Israelis, on the other hand,

must acknowledge that just as Israel 's right to exist cannot be denied, neither can Palestine 's. The United States does not accept the legitimacy of continued Israeli settlements. This construction violates previous agreements and undermines efforts to achieve peace. It is time for these settlements to stop. Israel must also live up to its obligations to ensure that Palestinians can live, and work, and develop their society. And just as it devastates Palestinian families, the continuing humanitarian crisis in Gaza does not serve Israel 's security; neither does the continuing lack of opportunity in the West Bank . Progress in the daily lives of the Palestinian people must be part of a road to peace, and Israel must take concrete steps to enable such progress.

Among the problems with Obama's speech is that in order to make his narrative fit, he must manipulate history, sometimes subtly and sometimes not, sometimes by what he omits and sometimes by what he states. Let's take things in order.

In his discussion of the West and the Muslim world, President Obama fails to mention how, in the past two decades, the United States has shed blood and treasure in Kuwait, Somalia, Bosnia, Kosovo, Afghanistan, and Iraq — all Muslim-dominated countries — in an effort to aid tens of millions of people who were threatened by or living under ruthless dictatorships. The impulse to help these countries was not in every instance simply humanitarian; but in every instance humanitarianism was a factor, and in some instances it was the dominant one. Today, more than 50 million Muslims in Afghanistan and Iraq are liberated from two of the most sadistic regimes we have ever witnessed. It might be nice for President Obama — and frankly those in the Arab world — to say that, even just once.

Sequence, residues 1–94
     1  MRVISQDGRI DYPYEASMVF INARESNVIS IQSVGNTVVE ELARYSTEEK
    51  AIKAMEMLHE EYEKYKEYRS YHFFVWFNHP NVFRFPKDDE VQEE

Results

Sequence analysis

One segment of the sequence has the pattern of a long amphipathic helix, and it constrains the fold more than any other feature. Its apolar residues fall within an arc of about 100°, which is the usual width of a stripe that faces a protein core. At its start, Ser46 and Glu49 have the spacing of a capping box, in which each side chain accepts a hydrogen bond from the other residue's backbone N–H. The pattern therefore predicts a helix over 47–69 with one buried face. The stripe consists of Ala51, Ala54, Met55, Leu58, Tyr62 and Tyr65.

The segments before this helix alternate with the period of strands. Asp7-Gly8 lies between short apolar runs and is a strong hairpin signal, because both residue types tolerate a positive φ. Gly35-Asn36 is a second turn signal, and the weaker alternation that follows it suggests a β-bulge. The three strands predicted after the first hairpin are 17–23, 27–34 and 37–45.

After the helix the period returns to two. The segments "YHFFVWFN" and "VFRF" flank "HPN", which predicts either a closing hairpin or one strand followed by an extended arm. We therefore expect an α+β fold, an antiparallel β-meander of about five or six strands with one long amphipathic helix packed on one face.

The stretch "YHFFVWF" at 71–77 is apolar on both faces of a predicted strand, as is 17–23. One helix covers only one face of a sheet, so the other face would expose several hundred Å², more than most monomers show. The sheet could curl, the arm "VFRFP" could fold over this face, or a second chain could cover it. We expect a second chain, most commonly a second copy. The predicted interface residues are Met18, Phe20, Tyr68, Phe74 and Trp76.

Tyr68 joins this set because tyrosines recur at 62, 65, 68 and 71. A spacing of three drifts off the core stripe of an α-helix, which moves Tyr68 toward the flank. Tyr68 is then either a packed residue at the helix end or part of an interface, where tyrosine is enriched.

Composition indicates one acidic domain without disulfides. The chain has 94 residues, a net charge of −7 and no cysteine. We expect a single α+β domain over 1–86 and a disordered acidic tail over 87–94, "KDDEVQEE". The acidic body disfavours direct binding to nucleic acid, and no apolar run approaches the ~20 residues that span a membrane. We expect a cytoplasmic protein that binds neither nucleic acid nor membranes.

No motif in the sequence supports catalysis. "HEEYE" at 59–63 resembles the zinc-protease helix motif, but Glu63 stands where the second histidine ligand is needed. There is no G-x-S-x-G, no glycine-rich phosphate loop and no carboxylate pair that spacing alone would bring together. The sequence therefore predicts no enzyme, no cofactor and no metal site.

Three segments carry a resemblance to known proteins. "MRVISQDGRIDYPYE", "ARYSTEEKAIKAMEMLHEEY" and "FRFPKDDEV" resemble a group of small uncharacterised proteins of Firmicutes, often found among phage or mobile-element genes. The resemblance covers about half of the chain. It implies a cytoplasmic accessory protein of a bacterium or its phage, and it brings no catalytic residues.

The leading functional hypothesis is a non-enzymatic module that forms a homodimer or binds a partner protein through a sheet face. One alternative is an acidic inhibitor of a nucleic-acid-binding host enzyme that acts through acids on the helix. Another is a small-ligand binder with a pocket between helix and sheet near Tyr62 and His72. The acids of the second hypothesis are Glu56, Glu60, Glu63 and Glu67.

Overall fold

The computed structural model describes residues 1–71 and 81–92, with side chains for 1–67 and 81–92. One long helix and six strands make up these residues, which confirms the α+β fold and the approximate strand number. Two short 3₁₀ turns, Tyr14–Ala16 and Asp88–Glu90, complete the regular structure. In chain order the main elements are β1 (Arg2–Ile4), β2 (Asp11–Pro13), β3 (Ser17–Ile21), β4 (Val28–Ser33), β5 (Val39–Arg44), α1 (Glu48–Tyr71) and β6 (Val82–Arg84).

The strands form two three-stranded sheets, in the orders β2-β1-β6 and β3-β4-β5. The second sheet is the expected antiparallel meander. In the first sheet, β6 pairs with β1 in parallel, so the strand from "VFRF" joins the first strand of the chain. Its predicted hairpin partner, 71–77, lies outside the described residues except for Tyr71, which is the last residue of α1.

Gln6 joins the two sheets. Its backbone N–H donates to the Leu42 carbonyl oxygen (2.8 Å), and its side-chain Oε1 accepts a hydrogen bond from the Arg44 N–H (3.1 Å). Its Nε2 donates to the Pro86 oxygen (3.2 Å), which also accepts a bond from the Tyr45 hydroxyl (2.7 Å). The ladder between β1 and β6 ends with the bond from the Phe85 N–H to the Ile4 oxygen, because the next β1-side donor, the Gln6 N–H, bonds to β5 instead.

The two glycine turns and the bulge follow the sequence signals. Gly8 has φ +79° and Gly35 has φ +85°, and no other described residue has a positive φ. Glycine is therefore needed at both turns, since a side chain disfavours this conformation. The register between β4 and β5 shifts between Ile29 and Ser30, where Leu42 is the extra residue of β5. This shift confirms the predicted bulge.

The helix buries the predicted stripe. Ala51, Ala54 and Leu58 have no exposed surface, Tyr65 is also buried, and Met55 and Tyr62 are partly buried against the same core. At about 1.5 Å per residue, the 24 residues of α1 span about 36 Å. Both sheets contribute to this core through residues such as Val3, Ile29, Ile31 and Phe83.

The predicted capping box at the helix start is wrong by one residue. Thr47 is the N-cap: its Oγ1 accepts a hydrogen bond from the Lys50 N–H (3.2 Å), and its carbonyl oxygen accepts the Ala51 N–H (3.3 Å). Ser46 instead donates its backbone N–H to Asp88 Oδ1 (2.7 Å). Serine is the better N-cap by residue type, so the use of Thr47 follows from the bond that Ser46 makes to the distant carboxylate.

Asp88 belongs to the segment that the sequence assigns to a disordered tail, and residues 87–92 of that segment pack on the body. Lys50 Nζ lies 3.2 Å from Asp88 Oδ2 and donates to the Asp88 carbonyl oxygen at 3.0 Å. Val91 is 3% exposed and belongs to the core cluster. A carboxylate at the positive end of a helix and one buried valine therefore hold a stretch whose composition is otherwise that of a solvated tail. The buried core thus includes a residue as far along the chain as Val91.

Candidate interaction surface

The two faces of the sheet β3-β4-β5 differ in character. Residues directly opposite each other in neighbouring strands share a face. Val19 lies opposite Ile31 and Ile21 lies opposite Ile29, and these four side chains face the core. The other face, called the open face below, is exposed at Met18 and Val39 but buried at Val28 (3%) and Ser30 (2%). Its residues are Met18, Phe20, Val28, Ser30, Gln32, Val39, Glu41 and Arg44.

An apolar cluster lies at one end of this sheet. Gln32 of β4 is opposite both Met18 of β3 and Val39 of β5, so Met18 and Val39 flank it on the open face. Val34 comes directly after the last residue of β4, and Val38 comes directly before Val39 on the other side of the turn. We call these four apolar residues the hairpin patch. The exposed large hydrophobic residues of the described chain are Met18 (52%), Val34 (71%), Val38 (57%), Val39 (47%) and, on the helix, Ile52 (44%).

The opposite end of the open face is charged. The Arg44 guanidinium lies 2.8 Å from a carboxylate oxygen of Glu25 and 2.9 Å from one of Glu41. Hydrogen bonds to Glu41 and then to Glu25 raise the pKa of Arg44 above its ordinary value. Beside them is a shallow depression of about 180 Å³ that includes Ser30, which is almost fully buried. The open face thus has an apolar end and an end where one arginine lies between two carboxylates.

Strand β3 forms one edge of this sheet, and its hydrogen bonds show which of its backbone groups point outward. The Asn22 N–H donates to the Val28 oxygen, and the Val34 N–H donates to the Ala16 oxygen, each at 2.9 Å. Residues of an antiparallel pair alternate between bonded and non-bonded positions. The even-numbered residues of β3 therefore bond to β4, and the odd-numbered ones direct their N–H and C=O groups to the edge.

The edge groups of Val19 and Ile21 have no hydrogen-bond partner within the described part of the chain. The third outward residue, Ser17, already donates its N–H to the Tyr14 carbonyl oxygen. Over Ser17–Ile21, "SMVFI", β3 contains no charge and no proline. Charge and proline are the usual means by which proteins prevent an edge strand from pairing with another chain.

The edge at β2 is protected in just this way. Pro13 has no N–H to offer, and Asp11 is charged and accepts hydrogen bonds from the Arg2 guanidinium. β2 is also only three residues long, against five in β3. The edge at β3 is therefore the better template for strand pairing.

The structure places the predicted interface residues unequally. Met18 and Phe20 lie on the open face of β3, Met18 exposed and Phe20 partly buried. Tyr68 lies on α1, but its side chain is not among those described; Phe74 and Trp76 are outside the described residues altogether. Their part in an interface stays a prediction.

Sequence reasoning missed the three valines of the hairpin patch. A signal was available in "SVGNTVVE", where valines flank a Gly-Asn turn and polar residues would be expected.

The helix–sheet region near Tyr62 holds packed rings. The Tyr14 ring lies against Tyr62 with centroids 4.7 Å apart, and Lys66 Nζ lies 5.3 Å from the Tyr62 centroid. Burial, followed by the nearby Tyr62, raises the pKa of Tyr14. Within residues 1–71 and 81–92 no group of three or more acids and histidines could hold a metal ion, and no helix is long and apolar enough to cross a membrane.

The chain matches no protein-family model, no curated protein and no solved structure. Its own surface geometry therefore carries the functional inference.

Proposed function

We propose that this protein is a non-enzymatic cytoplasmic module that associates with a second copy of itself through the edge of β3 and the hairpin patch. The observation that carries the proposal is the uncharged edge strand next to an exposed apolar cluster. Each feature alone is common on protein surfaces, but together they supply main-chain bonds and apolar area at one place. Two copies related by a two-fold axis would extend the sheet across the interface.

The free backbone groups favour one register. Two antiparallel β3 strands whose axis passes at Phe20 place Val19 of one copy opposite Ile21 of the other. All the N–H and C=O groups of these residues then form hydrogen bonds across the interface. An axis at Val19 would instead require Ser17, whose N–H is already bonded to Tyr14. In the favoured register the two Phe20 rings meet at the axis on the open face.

Nor does Obama mention other efforts to help Muslims — for example, the extraordinary humanitarian efforts by Americans to aid Indonesia in the aftermath of the devastating 2004 Indian Ocean tsunami.

In addition, Obama's account of the resentment that exists, and in some instances dominates, the Islamic world today is shallow and misleading. For example, he does not connect the political and economic repression in the Arab world to the rise of jihadism. Arab intellectuals themselves have recognized these failures, calling on Arab governments to address the “freedom gap” and push for internal reform, greater politics participation, and economic openness. And to imply that the West has been a key accelerator when it comes to radical Islam is simply wrong. I realize Obama has no obligation to devote a speech to problems plaguing the Arab and Islamic worlds; but he does have an obligation to provide a fair account of things if he chooses to raise the topic.

As for his discussion of America and Iran, Max Boot puts it well. Obama's account

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is accepting the (false) narrative of the Iranian Revolution, which holds that America's role in overthrowing Mossadeq more than half a century ago — a development that would not have been possible had the leftist prime minister not lost support in the Iranian street — is just as bad as the campaign of mass murder and kidnapping that Iran continues to support at this very moment.

On Afghanistan and Iraq: while I appreciate what Obama says about the former, his portrayal of Iraq is distorted. Of all the countries in the Arab/Persian world, Iraq is among the closest to fulfilling the principles Obama praises in his speech, including democracy and human rights, religious freedom, freedom for women, progress and modernity. Iraq certainly isn't perfect, and in some respects it has many miles to travel. But its government is, as even Obama had to concede, democratically elected. And it is certainly on a more enlightened path than, say, Iran or even Egypt, for whom Obama had nothing but praise. Yet instead of celebrating the achievements in Iraq — which have been extraordinary, even as it remains an imperfect and fragile nation — Obama focused mostly on the negative. It is clear that long ago Obama settled on a (negative) view of Iraq. While events have thankfully forced him to back away from his previously (irresponsible) position, he still cannot see it for what it is.